If you are fortunate enough to share the same household as a thoughtful, romantic teenager, then you are aware that John Green’s novel, “The Fault in our Stars,” is now a very popular movie.
I am thusly blessed but decided to skip the movie on a recent weekend. I doubt any movie can match the wondrous beauty of Green’s prose, and I am sidetracked thinking about the economic development issues surrounding the movie.
Before I clarify my unfeeling distractions toward economic development policy, I feel compelled to commend this book. While the tale of star-crossed lovers wasn’t new when Billy
Shakespeare took it up, Green offers a splendid twist on the genre. Even if you are unmoved by the plight of these teens, which might necessitate a heart as hard as woodpecker lips, you cannot fail to appreciate the author’s wit and use of language.
Still, I am a dismal scientist and so the economics of the book and movie concern me.
Green’s novel takes place in Indianapolis, but the movie was made in Pittsburgh. Parts of the city were transformed into Indy landscapes at great costs and the stars wore Pacers and Butler Bulldogs shirts. The economic policy consideration centers on why the movie was not made in Indiana.
The movie industry in the United States is heavily subsidized by state and local governments. Indiana does not have a movie-specific tax incentive, but Pennsylvania does.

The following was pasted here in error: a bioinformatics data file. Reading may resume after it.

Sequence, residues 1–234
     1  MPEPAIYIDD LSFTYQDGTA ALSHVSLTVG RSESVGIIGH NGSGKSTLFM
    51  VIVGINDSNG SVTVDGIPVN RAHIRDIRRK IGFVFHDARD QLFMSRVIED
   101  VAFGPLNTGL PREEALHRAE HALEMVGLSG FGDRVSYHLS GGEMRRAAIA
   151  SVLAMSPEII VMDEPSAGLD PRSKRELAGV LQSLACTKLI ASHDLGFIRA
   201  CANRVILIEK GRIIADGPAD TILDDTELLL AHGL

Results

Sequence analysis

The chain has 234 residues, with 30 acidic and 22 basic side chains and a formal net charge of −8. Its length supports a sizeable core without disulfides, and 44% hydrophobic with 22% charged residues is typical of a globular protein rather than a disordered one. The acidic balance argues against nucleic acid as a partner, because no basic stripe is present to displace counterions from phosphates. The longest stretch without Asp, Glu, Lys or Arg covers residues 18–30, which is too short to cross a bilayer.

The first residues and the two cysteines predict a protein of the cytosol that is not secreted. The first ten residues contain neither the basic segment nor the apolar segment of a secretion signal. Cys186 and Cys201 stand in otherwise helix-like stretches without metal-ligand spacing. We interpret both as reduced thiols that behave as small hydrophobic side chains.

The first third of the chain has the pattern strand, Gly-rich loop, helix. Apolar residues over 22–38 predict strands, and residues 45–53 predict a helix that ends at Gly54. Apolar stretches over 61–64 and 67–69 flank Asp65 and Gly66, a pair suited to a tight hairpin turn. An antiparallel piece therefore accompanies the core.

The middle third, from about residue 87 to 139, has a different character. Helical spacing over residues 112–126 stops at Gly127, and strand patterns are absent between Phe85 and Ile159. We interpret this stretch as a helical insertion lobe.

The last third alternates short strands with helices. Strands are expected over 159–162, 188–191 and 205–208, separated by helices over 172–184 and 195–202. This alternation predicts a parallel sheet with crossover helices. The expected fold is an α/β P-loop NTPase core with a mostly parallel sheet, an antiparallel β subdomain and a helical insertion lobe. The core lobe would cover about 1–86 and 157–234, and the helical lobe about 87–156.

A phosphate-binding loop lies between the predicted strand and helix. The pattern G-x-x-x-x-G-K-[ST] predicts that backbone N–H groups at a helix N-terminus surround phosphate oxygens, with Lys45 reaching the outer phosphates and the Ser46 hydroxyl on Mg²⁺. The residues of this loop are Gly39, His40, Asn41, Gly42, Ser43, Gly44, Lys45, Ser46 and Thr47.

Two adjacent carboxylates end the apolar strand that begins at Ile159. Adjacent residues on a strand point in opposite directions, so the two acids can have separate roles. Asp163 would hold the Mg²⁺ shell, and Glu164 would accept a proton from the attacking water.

In fact, nationwide annual payments to the movie industry probably number in the several billion dollars, with movie specific tax credits coming
close to $2 billion.
This raises the types of serious questions that rarely make it into the tax incentive debate.
Having artists and artistic activity in our midst is an important part of a vibrant regional economy. As we become a more affluent nation, we spend more of our income on such things and choose where we live based on the abundance of such offerings. Regions without serious cultural attractions will be left behind, but that is not sufficient argument for instituting tax incentives.
Much economic activity can be incentivized to relocate through government subsidies. Movies are especially footloose activities for which tax abatement or direct subsidy will often make the difference between filming locations.
Advocates of these types of subsidies make the same mistake many economic developers are inclined to. They focus too much on simply getting the deal, and too little on whether the entirety of the deal is good for the region.
Without even touching upon the fairness of Indiana taxpayers subsidizing Hollywood studios, film tax credits are of dubious value.
The jobs they generate are transient, often low-paying and unlikely to meet the simplest benefit-cost calculus. The best argument is that the movie may highlight the region, and that is a costly argument.
We should be open to a broader discussion on film tax credits, but we must ask some tough questions. If we don’t, Hoosiers risk being swindled and the fault will not be in our stars, but in ourselves.
Michael J. Hicks is the director of the Center for Business and Economic Research and an associate professor of economics in the Miller College of Business at Ball State University.